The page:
A Senate committee will conduct a hearing next year on the commercial use of drones, and will look at warehouse behemoth Amazon's plan to use mini-drone "octocopters" for package delivery.
"Amazon's plans for using drones to deliver packages is just one example of the potential this technology offers consumers, and a reflection of the ingenuity of American business," Senate Commerce, Science, and Transportation Chairman Jay Rockefeller said Monday, The Hill reported
"As we move forward toward integrating drones into civilian life and capitalizing on the economic opportunities they offer, we must make certain that these aircraft meet rigorous safety and privacy standards," said Rockefeller, D-W. Va.
"I plan to hold a hearing early next year to explore the potential economic benefits of unmanned vehicles in our airspace, as well as the potential risks they may create," he said.
A committee aide said the hearing was already in the works before Amazon's announcement Sunday about its so-called "octocopters," Fox News reported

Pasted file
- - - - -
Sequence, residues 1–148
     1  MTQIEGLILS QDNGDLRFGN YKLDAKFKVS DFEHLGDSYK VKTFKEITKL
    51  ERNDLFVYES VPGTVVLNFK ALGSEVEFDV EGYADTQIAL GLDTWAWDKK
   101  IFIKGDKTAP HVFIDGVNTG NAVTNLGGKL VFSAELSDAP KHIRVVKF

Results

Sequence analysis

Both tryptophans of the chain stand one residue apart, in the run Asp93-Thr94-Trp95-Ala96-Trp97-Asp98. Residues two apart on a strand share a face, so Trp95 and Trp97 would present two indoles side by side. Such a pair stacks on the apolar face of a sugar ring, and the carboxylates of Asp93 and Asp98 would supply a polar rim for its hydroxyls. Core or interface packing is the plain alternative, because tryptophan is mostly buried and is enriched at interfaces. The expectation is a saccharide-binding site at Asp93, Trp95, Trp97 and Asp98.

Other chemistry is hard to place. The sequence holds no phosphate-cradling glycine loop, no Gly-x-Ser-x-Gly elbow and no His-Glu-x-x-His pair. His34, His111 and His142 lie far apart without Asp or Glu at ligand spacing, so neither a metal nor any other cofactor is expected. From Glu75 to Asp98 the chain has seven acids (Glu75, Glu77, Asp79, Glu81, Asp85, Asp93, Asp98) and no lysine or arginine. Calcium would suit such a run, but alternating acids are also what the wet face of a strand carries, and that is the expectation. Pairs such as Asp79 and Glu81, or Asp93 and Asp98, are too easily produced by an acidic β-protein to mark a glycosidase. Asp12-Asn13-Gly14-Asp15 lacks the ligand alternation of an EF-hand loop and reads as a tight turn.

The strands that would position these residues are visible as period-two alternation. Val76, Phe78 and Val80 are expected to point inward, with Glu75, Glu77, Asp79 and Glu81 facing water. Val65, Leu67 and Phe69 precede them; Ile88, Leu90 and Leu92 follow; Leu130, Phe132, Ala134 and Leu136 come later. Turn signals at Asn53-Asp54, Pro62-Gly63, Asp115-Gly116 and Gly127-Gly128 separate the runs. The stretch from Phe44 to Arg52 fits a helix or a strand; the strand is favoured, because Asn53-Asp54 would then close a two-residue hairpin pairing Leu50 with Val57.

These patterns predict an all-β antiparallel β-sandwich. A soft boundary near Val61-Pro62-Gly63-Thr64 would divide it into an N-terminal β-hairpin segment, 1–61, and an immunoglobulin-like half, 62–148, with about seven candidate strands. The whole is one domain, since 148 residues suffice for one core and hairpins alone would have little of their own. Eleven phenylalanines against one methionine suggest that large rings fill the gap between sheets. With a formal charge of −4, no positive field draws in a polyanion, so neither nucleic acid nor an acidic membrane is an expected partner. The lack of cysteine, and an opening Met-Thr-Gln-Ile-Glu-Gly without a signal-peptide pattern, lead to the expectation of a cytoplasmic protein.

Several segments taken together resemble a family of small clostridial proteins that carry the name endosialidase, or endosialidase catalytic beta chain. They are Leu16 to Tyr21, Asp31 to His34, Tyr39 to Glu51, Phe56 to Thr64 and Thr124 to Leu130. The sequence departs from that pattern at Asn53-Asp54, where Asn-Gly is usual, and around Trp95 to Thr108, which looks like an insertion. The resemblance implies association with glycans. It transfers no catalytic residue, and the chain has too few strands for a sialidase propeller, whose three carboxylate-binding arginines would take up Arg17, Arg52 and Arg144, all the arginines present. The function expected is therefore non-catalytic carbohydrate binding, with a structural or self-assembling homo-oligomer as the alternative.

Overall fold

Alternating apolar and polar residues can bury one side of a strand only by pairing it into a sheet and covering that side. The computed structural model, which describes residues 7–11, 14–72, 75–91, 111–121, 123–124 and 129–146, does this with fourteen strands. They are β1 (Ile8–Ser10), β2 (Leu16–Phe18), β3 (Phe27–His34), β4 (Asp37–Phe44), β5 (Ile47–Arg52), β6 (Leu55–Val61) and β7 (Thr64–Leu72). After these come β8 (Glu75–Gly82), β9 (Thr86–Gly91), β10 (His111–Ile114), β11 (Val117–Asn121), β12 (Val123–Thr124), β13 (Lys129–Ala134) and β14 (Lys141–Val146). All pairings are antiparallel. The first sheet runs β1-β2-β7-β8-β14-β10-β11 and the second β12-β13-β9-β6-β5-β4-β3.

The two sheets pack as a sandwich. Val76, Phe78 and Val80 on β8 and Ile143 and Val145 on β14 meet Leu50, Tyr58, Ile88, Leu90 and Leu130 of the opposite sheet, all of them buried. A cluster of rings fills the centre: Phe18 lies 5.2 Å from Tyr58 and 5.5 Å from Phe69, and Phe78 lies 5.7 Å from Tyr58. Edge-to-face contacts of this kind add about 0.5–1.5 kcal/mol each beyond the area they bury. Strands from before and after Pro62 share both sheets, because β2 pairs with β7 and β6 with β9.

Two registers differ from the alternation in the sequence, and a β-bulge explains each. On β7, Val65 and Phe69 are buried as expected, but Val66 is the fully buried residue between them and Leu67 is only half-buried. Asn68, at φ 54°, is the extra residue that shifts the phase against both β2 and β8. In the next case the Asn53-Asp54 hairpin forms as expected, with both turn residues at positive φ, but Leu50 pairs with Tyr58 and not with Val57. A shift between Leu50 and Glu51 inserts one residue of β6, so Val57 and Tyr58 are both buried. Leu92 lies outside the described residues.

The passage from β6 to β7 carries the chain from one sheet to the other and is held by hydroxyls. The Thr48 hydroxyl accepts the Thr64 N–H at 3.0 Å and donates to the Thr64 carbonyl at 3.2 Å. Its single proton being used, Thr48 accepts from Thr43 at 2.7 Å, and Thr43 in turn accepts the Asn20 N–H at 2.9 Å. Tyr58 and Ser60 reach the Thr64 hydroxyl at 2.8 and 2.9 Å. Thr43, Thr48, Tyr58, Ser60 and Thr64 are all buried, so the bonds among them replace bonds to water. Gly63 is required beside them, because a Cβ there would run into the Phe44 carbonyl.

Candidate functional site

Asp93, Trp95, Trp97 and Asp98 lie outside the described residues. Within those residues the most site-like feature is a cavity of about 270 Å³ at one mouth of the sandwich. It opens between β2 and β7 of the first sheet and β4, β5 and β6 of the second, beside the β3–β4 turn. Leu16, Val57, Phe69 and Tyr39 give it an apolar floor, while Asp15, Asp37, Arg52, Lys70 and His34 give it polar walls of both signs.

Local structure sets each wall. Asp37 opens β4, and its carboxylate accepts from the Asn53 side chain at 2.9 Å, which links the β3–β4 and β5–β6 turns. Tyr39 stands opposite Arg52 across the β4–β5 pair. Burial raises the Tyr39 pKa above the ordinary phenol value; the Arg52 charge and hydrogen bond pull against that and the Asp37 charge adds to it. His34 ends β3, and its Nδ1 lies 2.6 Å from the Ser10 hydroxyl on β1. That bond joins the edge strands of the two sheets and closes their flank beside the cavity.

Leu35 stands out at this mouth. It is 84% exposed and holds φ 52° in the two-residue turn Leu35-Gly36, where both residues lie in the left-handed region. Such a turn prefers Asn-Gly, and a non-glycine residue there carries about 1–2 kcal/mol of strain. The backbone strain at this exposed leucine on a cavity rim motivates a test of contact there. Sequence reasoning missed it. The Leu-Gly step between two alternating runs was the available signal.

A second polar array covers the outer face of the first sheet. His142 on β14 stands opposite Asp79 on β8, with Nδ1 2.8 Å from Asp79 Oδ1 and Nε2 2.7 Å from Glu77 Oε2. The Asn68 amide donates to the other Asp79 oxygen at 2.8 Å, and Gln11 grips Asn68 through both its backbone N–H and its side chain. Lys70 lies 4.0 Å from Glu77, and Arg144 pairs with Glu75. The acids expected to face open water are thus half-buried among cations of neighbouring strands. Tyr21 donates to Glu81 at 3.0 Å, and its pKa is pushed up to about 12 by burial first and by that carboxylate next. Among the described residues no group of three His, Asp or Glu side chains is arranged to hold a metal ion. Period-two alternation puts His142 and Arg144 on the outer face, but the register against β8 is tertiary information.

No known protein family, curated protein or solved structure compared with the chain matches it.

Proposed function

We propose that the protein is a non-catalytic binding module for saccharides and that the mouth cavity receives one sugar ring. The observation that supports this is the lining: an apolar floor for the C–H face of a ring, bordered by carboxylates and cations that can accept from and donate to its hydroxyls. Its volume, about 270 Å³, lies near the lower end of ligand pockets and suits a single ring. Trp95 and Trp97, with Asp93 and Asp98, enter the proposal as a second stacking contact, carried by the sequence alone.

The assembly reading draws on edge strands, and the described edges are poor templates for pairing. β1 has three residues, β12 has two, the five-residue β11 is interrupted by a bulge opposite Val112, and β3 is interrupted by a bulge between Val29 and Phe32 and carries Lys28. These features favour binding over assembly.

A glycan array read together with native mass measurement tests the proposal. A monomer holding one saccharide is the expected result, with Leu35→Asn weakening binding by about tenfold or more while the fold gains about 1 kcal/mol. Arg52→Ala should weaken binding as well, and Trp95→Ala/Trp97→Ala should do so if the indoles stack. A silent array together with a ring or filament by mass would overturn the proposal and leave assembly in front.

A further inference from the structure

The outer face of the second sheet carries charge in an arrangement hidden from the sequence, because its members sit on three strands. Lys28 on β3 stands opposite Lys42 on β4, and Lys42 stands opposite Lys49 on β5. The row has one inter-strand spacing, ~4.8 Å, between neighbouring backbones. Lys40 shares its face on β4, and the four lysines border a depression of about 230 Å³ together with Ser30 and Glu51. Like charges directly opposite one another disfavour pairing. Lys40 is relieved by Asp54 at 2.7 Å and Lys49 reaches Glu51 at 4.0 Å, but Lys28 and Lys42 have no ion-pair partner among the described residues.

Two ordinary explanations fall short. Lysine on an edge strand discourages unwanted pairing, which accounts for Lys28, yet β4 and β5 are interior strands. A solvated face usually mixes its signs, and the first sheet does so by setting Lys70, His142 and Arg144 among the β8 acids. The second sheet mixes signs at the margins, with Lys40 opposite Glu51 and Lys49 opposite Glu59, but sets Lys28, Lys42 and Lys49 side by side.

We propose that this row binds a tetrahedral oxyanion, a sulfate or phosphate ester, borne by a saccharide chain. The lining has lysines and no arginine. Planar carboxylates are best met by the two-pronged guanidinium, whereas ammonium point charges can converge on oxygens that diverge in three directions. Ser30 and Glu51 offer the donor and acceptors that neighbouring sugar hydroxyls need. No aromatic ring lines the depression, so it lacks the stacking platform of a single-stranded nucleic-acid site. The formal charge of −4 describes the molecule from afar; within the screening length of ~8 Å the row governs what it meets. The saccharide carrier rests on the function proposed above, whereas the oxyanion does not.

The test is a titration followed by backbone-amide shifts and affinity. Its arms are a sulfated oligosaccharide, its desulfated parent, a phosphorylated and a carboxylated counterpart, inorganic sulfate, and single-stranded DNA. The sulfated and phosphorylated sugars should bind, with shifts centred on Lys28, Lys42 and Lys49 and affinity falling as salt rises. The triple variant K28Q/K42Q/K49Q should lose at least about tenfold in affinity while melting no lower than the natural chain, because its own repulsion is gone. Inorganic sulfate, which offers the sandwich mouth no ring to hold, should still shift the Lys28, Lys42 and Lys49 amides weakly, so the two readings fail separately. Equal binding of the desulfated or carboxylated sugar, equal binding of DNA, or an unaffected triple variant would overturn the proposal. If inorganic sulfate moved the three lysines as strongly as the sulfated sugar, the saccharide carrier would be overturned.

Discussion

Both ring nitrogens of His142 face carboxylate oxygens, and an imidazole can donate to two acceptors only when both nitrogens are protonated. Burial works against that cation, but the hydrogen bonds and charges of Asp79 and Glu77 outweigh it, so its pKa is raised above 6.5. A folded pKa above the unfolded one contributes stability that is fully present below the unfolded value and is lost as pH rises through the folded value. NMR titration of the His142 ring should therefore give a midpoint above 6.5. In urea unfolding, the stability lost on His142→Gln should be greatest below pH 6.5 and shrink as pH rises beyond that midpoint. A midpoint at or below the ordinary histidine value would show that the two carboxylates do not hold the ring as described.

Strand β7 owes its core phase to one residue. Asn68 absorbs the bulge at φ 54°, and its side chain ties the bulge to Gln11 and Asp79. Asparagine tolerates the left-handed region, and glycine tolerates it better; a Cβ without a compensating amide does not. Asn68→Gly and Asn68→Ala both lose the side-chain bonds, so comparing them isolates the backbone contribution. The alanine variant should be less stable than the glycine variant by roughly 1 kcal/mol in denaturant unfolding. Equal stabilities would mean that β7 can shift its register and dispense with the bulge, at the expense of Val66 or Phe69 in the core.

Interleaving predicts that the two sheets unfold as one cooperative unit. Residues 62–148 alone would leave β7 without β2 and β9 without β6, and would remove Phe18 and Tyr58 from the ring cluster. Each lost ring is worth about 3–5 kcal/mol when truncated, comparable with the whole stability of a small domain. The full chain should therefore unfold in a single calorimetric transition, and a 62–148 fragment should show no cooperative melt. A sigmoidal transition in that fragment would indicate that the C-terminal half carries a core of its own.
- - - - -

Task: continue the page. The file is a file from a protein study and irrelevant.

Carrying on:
Both House and Senate judiciary committees have already conducted hearings on the use of drones in domestic airspace, focusing on the use of drones by police and other government agencies for surveillance, The Hill noted.
Federal rules currently prohibit the commercial use of drones. The Federal Aviation Administration is working on rules to allow private groups to fly drones in U.S. airspace as early as 2015, The Hill reported.
Amazon CEO Jeff Bezos announced his company's plan to use drones for package delivery on CBS' "60 Minutes" newsmagazine.
"I know this looks like science fiction. It's not," he said.
Bezos said the concept is still "years away." But he envisions half-hour deliveries of objects up to 5 pounds, "which covers 86 percent of the items that we deliver."
"These generations of vehicles, it could be a 10-mile radius from a fulfillment center," Bezos said.
"So, in urban areas, you could actually cover very significant portions of the population. And so, it won't work for everything; you know, we're not gonna deliver kayaks or table saws this way. These are electric motors, so this is all electric; it's very green, it's better than driving trucks around."
He acknowledged that the drones needed more safety testing.
"This thing can't land on somebody's head while they're walking around their neighborhood," he said.
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